In a recent decision by the United States District Court for the Eastern District of Pennsylvania (ED Pa.), the court dismissed an individual author’s suit against Amazon for hosting an infringing copy of his copyrighted work. Parker v. Paypal, Inc., Civil Action No. 16-4786, 2017 WL 3508759 (E.D. Pa. Aug. 16, 2017).
Plaintiff, Gordon Roy Parker, wrote a book entitled “Outfoxing the Foxes: How to Seduce the Women of Your Dreams,” for which he registered his copyright in 1998. In October 2015, he learned that his book was being sold online as part of an “anthology of books and articles written by and for pickup artists.” Id. at *2. He requested that the work be removed from the site – which appears to have occurred, at least for a time.
Several months later, in December 2015, he learned that sales of the anthology (including his copyrighted work) had resumed. In addition to seeking a take down of the book from this site, and to restricting the site’s access to its PayPal account, Parker notified Amazon.com, Inc. and Amazon Web Services, Inc. (collectively, “Amazon”) regarding Amazon’s hosting of the infringing work. (The Court’s opinion does not discuss any response by Amazon at this time.)
Parker alleges in his complaint that despite providing such notice to Amazon, the infringing work was still being hosted through Amazon’s cloud servers at least as late as Spring 2016.
In a May 2016 email, Parker told Jeff Bezos (CEO of Amazon) about the infringement and said that Parker was removing six of his titles from Amazon’s Kindle Books program. The distribution of his books through Kindle was undertaken under contract between Parker and Amazon. In response to Parker’s email, representatives of Amazon asked him to report potentially infringing material “consistent with the Digital Millennium Copyright Act.” Id. at *3. (Note: Within Amazon’s Conditions of Use Page, its “Notice and Procedure for Making Claims of Copyright Infringement” Section includes a link to an online form to report instances of infringement.)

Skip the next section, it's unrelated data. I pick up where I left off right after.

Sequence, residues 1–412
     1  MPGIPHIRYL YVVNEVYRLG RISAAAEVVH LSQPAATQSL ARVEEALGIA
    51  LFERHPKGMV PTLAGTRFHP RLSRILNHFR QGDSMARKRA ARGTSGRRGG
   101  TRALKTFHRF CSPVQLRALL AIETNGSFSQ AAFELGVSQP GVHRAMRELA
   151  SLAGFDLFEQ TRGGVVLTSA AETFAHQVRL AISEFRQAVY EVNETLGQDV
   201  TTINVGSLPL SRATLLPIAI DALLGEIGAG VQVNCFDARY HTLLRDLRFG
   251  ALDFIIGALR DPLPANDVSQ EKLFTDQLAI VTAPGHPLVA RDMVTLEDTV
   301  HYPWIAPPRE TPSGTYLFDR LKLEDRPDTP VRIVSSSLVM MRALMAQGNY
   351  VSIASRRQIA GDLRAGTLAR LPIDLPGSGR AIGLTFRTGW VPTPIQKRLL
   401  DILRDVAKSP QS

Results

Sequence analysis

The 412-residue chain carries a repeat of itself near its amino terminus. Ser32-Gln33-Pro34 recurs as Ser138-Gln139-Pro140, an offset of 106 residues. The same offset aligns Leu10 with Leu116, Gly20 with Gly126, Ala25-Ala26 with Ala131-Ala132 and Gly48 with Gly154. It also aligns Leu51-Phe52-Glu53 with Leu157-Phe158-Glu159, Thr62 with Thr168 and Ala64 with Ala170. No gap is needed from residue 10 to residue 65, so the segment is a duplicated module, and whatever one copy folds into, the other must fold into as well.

AMAZON MOVED TO DISMISS THE CLAIMS
Amazon moved to dismiss Parker’s claims against it on the grounds that: (1) Parker failed to state a proper claim for copyright infringement or unfair competition as to Amazon; (2) Parker’s claim for breach of contract (based on the Kindle publishing agreement for seven of his e-books, including the infringed work) was pre-empted by the Copyright Act; and (3) the remaining claims for misappropriation of likeness and unjust enrichment are barred by the Communications Decency Act, 47 USC § 230 (“CDA”).
The Court agreed with Amazon’s analysis and dismissed Parker’s complaint as to Amazon. (Note that the case still proceeds with respect to other defendants.)